Sweden: Image and Reality

Sweden is often viewed as either social democratic paradise or lefty hell, depending on one’s political and economic orientation.

Parts of the popular image are true. Sweden has a strong political left; the Social Democratic party was in power continuously for more than four decades in the middle of the 20th century and has alternated in the government since then (it’s out at the moment). Around 80% of employed Swedes are union members, and 30% are employed by the government. More than half of the country’s GDP passes through the government in taxes, and government spending on redistributive transfers and public services is among the highest in the world. Income inequality is among the lowest. Female employment is high, and the gender pay gap is low. A 2008 Newsweek index of environmental performance put Sweden at the top. It is ranked as one of the world’s most peaceful nations.

Like all countries, though, Sweden is more complex than the stereotype suggests. Here are a few things that may surprise.

Surprises for the left

1. The country has a strong work ethos. The welfare state is generous, but most able-bodied Swedes of working age are expected to be employed. During the 2000s the Swedish employment rate has averaged about 74% of the working-age population, two percentage points higher than in the United States. The share of working-age Swedish households with no employed adult is 5%, the same as in the U.S.

2. Embrace of globalization. Exports and imports total around 45% of Swedish GDP, compared to 15% in the United States. Swedish policy aims to encourage trade and to cushion the adverse impact this inevitably has on some, ensuring their incomes remain at a decent level while they’re unemployed and facilitating transition to a different firm and/or occupation.

3. School choice. Since the early 1990s government funds have been provided not only to public elementary and secondary schools but also private ones, and parents are permitted to choose which school their children attend. This comes with strings attached: private schools wishing to receive the funding cannot base admission on ability, religion, or ethnicity. But in other relevant respects the public schools are forced to compete with private ones.

4. Partially privatized pensions. In the late 1990s a social democratic government introduced a “privatized” element into the Swedish pension system. 2.5% of employee earnings are put into a defined-contribution component. The employee has a variety of choices about how the money is invested. (A key difference between this reform and the one proposed by President Bush several years ago for the U.S.: Swedish payroll taxes were increased so that this added to the existing system, rather than replacing part of it.)

Surprises for the right

1. Sweden has a competitive economy. In the World Economic Forum’s 2007-08 “competitiveness index,” Sweden placed 4th out of 131 nations. It has been in the top ten, often among the top five, throughout this decade. Like the other Nordic countries (Denmark, Finland, Iceland, and Norway), Sweden has been successful at adapting to the shift from manufacturing to services and to a more globalized and competitive economic environment. These economies have done particularly well in high-tech industries. This owes to, among other things, high-quality educational systems, excellent public infrastructure, heavy R&D investment, and commitment to adaptation.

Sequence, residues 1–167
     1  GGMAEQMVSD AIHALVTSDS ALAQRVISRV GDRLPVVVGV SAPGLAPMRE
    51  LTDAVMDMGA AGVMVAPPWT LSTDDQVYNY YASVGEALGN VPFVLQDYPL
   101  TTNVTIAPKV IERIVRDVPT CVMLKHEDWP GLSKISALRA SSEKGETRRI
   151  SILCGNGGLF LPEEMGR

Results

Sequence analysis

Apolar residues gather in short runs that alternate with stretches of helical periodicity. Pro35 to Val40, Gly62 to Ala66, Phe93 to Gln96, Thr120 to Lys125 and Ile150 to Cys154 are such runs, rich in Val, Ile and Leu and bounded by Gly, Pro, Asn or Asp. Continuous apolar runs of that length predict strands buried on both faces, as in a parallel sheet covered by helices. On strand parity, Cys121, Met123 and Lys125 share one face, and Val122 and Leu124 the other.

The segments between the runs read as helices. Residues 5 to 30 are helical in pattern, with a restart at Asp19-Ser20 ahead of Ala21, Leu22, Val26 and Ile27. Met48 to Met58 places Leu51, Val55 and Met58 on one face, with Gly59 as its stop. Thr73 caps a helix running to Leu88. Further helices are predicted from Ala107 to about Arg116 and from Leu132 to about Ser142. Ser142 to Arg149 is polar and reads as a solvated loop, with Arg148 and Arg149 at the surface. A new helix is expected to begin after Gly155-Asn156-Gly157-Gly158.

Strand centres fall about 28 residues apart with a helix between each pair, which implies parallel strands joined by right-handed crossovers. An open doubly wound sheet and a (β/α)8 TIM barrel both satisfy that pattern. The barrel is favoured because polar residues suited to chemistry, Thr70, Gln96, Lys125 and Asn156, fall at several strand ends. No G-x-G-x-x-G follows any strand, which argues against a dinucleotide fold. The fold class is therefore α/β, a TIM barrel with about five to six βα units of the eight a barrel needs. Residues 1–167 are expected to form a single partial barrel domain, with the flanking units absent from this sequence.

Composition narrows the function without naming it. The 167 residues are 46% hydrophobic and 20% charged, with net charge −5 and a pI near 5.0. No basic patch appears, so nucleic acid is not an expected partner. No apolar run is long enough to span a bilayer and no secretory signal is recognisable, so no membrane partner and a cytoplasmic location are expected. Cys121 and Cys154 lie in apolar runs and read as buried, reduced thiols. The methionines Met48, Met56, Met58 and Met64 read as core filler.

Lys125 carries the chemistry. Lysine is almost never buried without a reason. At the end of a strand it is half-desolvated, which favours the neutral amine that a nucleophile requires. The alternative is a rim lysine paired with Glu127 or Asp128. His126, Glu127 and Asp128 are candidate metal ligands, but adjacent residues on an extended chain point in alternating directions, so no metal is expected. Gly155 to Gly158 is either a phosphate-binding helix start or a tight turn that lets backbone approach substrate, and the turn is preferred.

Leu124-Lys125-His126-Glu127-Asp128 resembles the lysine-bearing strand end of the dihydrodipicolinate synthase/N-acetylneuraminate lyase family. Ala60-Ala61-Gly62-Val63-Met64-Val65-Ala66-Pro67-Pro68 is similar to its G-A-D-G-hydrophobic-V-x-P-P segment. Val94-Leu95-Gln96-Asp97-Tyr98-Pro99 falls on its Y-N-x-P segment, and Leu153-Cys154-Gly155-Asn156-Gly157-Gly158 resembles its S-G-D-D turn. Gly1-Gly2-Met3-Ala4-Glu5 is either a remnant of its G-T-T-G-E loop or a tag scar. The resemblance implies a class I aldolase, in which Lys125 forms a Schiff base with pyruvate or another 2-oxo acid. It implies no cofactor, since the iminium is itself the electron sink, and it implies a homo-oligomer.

2. High mobility. For a long time the consensus view among researchers was that egalitarian countries such as Sweden have low inequality but also little mobility, whereas the United States has more inequality but also greater opportunity for upward and downward movement. Recent findings suggest this is wrong. Mobility in Sweden, both between generations and over the life course, is at least is great as in the United States and likely greater.

3. The poor are well-off absolutely, not just relatively. Critics of high taxes and generous government benefits sometimes imagine that these destroy economic growth, so that countries like Sweden have low inequality but also low absolute living standards. In fact, the incomes of those at the bottom of the distribution in Sweden are similar to those of their American counterparts. And Swedes work far fewer days and hours to get those incomes. They also enjoy more plentiful and higher-quality public services, from schools to child care to health care to public transportation to roads and parks.

4. Sweden is heterogeneous. Those skeptical about the applicability of Swedish policies and institutions often argue that to the extent Sweden “works,” it’s because it has an extremely homogeneous population. That was likely true half a century ago, but these days Sweden’s immigrant (foreign-born) share is virtually identical to America’s, at about 13% of the population. What effects this may have over the long run are hard to anticipate, but it’s been that way for more than a decade now.

37 thoughts on “Sweden: Image and Reality

  1. Pingback: Sweden: The Executive Summary at Jacob Christensen

  2. From http://en.wikipedia.org/wiki/Sweden

    The largest immigrant group living in Sweden as of 2005 consists of people born in Finland, followed by people born in Turkey, Germany, Denmark, Norway, Poland, Russia, Iran, Iraq and Former Yugoslavia.